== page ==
Case note: misleading conduct by superannuation trustee

In the recent decision in Australian Securities and Investments Commission v Colonial First State Investments Limited [2021] FCA 1268 Colonial was ordered to pay a $20 million penalty for misleading members of the Colonial First State FirstChoice Superannuation Trust.

Between 2014 and 2016, instead of Colonial telling members they could transfer contributions to a MySuper product under changes to the law, they mislead members by saying they were required to take urgent action (in the form of providing an investment direction) in order for Colonial to continue to receive the members’ superannuation contributions which were required by recent legislative changes.

Colonial made at least 12,209 calls to members and sent letters to 12,911 FirstChoice Personal Super members affected by its breach, during which it sought an investment direction.

At the time of the judgment Colonial had already paid $67,028,633 to remediate losses to 5,745 members who received calls with similar features to those which the Court found misleading. These figures are expected to increase.

In addition Colonial was ordered to publish a corrective notice:
(a) for 90 days in an immediately visible area on the homepage of Colonial’s website;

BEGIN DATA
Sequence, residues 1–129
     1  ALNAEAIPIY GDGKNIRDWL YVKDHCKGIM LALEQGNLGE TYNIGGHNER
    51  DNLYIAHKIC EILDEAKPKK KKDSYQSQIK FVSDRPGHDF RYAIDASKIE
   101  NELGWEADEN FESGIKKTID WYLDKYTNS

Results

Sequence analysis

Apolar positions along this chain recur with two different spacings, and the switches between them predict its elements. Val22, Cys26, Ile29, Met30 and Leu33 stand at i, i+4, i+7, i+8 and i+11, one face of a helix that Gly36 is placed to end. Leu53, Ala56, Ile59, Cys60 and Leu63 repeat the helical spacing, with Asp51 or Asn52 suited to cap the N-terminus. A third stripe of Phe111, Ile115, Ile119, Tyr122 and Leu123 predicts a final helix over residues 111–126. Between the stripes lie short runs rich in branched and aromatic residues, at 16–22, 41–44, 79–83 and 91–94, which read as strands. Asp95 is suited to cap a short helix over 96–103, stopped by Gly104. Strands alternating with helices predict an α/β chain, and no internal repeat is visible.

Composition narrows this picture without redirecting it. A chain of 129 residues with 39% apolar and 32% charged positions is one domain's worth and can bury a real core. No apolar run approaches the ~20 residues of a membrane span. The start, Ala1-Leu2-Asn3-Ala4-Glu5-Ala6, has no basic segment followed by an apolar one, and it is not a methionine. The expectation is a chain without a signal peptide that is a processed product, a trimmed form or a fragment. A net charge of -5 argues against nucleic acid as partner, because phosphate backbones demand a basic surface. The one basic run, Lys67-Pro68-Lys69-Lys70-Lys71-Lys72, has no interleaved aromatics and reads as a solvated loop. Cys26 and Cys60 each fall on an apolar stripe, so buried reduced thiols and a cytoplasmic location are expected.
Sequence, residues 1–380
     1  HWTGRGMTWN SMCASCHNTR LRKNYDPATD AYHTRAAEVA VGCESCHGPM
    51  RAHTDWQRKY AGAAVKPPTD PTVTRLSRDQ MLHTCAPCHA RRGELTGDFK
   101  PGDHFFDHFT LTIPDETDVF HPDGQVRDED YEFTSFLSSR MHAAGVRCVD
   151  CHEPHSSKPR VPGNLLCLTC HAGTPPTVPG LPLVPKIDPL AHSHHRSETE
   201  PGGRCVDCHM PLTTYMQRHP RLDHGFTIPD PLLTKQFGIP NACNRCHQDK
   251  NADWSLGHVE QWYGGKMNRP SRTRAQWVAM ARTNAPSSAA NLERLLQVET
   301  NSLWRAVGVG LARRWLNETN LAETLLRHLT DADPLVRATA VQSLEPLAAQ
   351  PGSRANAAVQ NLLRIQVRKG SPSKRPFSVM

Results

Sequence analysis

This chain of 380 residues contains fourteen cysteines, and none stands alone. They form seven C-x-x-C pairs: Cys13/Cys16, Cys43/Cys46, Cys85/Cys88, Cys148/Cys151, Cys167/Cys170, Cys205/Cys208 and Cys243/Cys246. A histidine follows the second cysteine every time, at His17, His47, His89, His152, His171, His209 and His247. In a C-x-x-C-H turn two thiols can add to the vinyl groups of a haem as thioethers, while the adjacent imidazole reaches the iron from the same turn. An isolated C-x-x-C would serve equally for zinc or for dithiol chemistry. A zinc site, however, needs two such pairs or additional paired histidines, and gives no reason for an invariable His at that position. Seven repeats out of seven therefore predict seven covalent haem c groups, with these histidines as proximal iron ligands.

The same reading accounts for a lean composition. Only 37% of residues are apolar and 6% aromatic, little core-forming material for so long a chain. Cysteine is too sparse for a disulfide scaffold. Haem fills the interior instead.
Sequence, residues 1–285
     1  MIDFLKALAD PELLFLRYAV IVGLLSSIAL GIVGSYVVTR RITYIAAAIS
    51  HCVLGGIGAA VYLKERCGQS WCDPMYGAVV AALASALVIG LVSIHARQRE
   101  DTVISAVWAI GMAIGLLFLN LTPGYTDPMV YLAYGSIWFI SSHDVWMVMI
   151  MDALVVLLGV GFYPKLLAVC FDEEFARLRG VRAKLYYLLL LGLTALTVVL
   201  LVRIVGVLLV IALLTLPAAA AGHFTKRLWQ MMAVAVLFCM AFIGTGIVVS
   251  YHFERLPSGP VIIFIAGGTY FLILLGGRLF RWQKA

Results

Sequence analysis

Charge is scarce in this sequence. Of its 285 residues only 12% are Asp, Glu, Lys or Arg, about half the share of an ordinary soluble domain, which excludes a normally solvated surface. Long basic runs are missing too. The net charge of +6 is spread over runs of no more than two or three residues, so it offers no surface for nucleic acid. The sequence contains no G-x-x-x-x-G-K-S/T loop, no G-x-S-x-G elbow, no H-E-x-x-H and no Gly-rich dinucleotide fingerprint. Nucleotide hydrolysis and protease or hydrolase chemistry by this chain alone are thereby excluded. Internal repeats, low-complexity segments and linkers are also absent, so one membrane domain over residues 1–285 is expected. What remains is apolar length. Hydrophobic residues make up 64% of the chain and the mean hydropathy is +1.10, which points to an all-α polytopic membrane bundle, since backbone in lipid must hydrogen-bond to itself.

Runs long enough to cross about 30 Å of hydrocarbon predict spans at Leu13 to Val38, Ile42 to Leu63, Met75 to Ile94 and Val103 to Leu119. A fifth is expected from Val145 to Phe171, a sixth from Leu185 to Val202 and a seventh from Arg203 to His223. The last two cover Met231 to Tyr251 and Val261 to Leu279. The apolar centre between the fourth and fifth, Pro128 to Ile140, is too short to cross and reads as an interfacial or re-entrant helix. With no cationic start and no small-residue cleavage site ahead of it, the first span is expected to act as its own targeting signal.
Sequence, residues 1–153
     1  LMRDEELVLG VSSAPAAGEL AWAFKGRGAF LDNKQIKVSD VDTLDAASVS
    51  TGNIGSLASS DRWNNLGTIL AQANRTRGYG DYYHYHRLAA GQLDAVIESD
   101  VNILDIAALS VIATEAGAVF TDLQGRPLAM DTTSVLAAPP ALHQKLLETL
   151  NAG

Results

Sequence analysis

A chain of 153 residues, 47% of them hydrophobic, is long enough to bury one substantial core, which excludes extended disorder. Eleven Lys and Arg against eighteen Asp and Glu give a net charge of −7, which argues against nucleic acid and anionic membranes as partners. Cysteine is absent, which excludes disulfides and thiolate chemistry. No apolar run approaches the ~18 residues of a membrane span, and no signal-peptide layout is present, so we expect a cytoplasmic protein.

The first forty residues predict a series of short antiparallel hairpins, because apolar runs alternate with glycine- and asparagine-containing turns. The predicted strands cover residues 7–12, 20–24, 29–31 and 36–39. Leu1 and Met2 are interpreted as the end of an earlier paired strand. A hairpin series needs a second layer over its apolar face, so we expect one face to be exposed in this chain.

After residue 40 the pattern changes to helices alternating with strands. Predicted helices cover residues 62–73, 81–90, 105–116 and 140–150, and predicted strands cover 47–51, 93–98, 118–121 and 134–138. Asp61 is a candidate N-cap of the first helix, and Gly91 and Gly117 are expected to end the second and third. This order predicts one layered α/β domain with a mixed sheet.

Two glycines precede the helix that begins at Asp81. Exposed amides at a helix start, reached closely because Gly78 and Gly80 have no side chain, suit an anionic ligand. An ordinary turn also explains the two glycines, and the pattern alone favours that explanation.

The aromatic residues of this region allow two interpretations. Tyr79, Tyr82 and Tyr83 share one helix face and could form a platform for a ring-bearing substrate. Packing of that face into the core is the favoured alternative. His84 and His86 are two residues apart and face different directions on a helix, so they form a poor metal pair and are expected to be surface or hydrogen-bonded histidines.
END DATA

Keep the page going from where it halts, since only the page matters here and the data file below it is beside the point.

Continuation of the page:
(b) for 365 days in an immediately visible area of the webpage that appears after a person uses personal credentials to log into Colonial’s secure online service via the ‘member’ or ‘employer’ sections of the webpage; and
(c) by sending a copy of the notice to any person who was a member of Colonial’s FirstChoice Personal Super product between 18 March 2014 and 21 July 2016.

Colonial argued against the year-long notice on a member’s personal account but the court decided that typically members do not regularly log onto their superannuation accounts and that they may do so perhaps only once a year, for tax purposes. The court also decided that as the misleading conduct took place in a mail-out, the correction notice should also be mailed.

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David Jacobson

Author: David Jacobson
Principal, Bright Corporate Law
About David Jacobson
The information contained in this article is not legal advice. It is not to be relied upon as a full statement of the law. You should seek professional advice for your specific needs and circumstances before acting or relying on any of the content.

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